September 29, 2018

2Q18 GDP, Third Release (092718): An Annualized 4.2 Percent, Unchanged From Previous Release

Filed under: Economy,Taxes & Government — Tom @ 9:05 am

Thursday morning, the government’s third release on second quarter GDP came in unchanged:

Real gross domestic product (GDP) increased at an annual rate of 4.2 percent in the second quarter of 2018, according to the “third” estimate released by the Bureau of Economic Analysis. In the first quarter, real GDP increased 2.2 percent.

The GDP estimate released today is based on more complete source data than were available for the “second” estimate issued last month. In the second estimate, the increase in real GDP was also 4.2 percent. With this third estimate for the second quarter, the general picture of economic growth remains the same; a downward revision to private inventory investment was offset by small upward revisions to most other GDP components. Imports which are a subtraction in the calculation of GDP, were revised down slightly.

Real gross domestic income (GDI) increased 1.6 percent in the second quarter, compared with an increase of 3.9 percent in the first quarter. The average of real GDP and real GDI, a supplemental measure of U.S. economic activity that equally weights GDP and GDI, increased 2.9 percent in the second quarter, compared with an increase of 3.1 percent in the first quarter.

The increase in real GDP in the second quarter reflected positive contributions from PCE, nonresidential fixed investment, exports, federal government spending, and state and local government spending that were partly offset by negative contributions from private inventory investment and residential fixed
investment. Imports decreased.

The acceleration in real GDP growth in the second quarter reflected accelerations in PCE, exports, federal government spending, and state and local government spending, as well as a smaller decrease in residential fixed investment. These movements were partly offset by a downturn in private inventory investment and a deceleration in nonresidential fixed investment. Imports decreased after increasing in the first quarter.

Current-dollar GDP increased 7.6 percent, or $370.9 billion, in the second quarter to a level of $20.41 trillion. In the first quarter, current-dollar GDP increased 4.3 percent, or $209.2 billion.

The price index for gross domestic purchases increased 2.4 percent in the second quarter, compared with an increase of 2.5 percent in the first quarter (table 4). The PCE price index increased 2.0 percent, compared with an increase of 2.5 percent. Excluding food and energy prices, the PCE price index increased 2.1 percent, compared with an increase of 2.2 percent.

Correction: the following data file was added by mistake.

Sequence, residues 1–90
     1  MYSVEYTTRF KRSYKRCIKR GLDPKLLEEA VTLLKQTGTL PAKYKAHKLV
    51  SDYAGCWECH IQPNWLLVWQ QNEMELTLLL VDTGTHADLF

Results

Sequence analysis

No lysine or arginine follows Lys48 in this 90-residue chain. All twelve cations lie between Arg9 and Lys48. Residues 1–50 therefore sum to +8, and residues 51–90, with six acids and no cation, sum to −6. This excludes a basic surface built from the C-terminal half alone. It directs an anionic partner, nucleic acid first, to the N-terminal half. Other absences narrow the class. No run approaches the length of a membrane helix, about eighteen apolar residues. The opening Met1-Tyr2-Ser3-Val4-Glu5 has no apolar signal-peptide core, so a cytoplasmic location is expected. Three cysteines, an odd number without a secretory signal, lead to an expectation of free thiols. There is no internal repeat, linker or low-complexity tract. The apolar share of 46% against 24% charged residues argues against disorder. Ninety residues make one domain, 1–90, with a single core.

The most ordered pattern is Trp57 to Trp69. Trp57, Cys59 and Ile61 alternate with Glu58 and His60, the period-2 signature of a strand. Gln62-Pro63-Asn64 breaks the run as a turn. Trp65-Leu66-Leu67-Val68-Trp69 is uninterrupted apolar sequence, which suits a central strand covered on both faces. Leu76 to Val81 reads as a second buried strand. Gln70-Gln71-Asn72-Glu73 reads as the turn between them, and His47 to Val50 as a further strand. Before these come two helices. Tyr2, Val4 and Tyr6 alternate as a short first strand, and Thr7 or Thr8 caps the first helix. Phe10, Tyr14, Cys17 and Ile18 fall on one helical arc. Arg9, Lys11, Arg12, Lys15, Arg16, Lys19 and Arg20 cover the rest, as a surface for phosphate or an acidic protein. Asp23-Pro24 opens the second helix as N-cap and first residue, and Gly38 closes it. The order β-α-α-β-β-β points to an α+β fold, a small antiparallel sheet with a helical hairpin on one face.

Updates to GDP

The percent change in real GDP was unrevised from the second estimate, reflecting a downward revision to private inventory investment that was offset by upward revisions to state and local government spending, PCE, nonresidential fixed investment, exports, and residential fixed investment. Imports were revised down slightly (actually, they weren’t, as seen below — Ed.)

Here’s how it shook out in detail:

GDPcomponentsThru2Q18at092718

The big revision was to private inventories. Slightly positive moves in every other category kept the quarter’s “final” figure (pending comprehensive annual revisions every July) where it was (rounded) a month ago. The fixed nonresidential component was among them, and its combined 2.62-point contribution during the past two quarters is the best performance since the final two quarter of 2011.

The press and the left are still falsely contending that they set the stage for the current economy. The government’s graph of quarterly performance makes a mockery of that claim:

QtrlyGDPgraphBEAto2Q18

Annualized GDP growth averaged barely 1.5 percent during the second quarters ending in 1Q17. That’s not momentum; it’s barely treading water.

As seen at this graph at the St. Louis Fed, real per capita GDP was $54,201 in 2Q15. By 1Q17, it had only increased to $54,945. The annualized increase during that period was only 0.78 percent.

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